Finally, the plaintiff argues that Judge Berman’s decision in the Société Générale case is no longer good law in light of the Absolute Activist case and its focus on the place that the transaction took place.



One of the things I miss about the active practice of law is participating in the kind and quality of advocacy that can take place when excellent lawyers square off and skillfully present their client’s best positions. Reading the parties’ brief here, I was reminded how rousing excellent advocacy can be.


While I am prepared to comment on the parties’ briefing on the defendants’ motion to dismiss, I should emphasize at the outset that the briefing is not yet complete. The defendants have not yet filed their reply brief, which undoubtedly will further inform this discussion. In particular, the defendants reply brief undoubtedly will address the plaintiffs’ arguments made in reliance on the Absolute Activist case, as well as the plaintiff’s efforts to distinguish the Porsche case. The defendants’ forthcoming arguments on these issues likely would aid consideration of the issues involved.


In the end, the question the court ultimately will be asked to decide is whether or not the ADR transactions involved here are sufficiently “domestic” to satisfy the requirements of Morrison’s second prong. The plaintiff’s argues that all aspects of the transaction took place in the U.S., and therefore that the requirements articulated in the Absolute Activist case have been met, which in turn, the plaintiff contends, represents a substantial showing that the ADR transactions are “domestic” and therefore that the U.S. securities laws apply.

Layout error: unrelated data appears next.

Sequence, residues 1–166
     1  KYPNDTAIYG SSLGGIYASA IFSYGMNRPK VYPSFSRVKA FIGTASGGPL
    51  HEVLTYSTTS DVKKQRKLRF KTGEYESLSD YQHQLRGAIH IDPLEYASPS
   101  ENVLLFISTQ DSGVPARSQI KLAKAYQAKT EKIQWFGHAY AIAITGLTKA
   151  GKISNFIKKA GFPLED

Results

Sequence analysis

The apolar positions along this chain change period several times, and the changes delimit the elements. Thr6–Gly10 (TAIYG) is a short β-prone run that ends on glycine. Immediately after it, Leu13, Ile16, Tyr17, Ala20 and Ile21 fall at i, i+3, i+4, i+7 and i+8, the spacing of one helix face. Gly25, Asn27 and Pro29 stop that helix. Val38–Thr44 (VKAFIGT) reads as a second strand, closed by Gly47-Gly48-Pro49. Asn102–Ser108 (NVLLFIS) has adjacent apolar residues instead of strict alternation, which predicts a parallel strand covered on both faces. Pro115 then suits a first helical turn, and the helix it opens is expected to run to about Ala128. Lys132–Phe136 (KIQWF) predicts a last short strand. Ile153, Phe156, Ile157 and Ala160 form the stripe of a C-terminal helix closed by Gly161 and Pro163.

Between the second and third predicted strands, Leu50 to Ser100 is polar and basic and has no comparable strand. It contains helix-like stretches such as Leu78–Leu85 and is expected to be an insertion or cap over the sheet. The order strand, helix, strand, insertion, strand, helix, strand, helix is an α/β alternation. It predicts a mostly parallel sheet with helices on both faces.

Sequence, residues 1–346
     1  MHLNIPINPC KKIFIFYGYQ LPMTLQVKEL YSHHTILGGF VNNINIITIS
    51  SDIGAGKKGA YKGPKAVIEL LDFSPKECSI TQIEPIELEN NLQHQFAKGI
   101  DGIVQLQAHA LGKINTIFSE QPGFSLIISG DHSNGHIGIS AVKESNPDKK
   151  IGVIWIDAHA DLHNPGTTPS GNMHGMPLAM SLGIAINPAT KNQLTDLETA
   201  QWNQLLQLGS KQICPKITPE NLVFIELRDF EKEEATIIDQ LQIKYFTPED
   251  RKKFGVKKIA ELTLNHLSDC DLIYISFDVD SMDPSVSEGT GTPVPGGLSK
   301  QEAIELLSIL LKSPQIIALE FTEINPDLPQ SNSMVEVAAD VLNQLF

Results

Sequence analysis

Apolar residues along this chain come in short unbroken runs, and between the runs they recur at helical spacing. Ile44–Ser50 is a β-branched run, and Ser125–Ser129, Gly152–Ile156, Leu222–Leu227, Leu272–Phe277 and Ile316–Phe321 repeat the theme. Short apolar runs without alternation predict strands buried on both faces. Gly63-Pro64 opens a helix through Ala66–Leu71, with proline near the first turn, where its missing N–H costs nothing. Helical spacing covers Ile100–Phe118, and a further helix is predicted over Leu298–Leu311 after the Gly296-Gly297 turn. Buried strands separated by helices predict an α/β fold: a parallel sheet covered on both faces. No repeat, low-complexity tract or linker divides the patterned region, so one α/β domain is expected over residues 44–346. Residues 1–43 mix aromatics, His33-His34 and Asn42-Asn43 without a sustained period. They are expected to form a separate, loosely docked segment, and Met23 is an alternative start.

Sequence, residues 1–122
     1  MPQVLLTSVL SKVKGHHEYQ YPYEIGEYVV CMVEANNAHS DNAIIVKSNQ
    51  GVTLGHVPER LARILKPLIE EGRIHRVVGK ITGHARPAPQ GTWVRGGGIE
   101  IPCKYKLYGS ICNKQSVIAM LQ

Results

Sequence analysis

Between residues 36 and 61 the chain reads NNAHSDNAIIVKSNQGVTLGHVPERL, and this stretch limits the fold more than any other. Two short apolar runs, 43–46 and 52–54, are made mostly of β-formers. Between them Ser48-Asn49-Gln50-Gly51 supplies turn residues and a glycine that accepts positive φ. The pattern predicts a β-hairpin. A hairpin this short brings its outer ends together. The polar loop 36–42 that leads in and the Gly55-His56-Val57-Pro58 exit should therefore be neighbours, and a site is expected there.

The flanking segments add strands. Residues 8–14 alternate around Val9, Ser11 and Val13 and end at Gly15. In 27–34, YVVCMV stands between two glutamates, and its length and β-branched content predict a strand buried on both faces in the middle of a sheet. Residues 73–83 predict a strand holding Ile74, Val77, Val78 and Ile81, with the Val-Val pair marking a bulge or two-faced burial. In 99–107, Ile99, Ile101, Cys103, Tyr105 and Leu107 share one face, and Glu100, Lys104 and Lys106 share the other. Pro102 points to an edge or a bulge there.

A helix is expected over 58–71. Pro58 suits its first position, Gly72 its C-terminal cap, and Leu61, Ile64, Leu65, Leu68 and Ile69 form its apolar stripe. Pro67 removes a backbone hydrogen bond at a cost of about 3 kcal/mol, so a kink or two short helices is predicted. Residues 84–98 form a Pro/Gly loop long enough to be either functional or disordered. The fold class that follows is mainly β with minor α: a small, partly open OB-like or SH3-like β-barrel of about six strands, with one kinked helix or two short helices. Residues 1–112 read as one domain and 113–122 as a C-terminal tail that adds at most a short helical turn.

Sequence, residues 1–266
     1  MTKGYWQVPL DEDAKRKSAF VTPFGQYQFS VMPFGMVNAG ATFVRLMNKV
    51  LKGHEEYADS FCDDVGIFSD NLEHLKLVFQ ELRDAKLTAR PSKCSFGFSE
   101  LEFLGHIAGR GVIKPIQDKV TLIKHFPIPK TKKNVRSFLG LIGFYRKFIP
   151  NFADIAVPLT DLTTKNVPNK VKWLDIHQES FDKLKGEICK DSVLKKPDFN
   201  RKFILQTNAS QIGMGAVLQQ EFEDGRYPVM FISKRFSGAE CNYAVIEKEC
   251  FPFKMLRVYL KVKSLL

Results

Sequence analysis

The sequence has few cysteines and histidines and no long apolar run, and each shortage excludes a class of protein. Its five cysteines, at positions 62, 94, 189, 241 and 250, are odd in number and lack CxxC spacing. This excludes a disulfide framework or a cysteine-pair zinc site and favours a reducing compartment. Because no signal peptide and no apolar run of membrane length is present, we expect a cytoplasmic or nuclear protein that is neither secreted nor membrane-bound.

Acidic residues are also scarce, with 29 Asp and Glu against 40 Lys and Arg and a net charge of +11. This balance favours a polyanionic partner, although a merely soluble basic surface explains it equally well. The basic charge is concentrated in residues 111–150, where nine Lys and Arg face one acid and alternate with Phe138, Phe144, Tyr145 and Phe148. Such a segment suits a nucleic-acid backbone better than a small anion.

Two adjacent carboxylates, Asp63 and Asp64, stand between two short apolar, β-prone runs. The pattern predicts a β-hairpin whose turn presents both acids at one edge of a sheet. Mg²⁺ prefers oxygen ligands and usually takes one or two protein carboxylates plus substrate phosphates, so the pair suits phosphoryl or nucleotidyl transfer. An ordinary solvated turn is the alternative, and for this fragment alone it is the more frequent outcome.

However, as the Second Circuit said in the Porsche case, while it is “necessary” in order for the U.S. securities laws to apply that a transaction is “domestic,” that alone is not “sufficient.” In addressing the defendants’ motion to dismiss, the district court, in light of the Porsche case, will have to further consider the nature of the securities involved, as well. The district court will have to consider whether or not the ADRs at issue are, as the defendants contend, “predominantly foreign,” like the swap agreements in Porsche, or rather are more domestic in nature than that.


The factors that the court might take into account when addressing these issues remains to be seen. The fact that the ADRs are not listed certainly will be one factor; but on the other hand, as the plaintiff argues, the ADRs themselves are sponsored ADRs. Tesco registered the ADRs in the U.S., which ameliorates the unfairness that might otherwise arise if the defendants were to be held to be subject to the U.S. securities laws. Whether or not these considerations will prove persuasive to Judge Berman is at best uncertain, given his earlier ruling in the Société Générale case.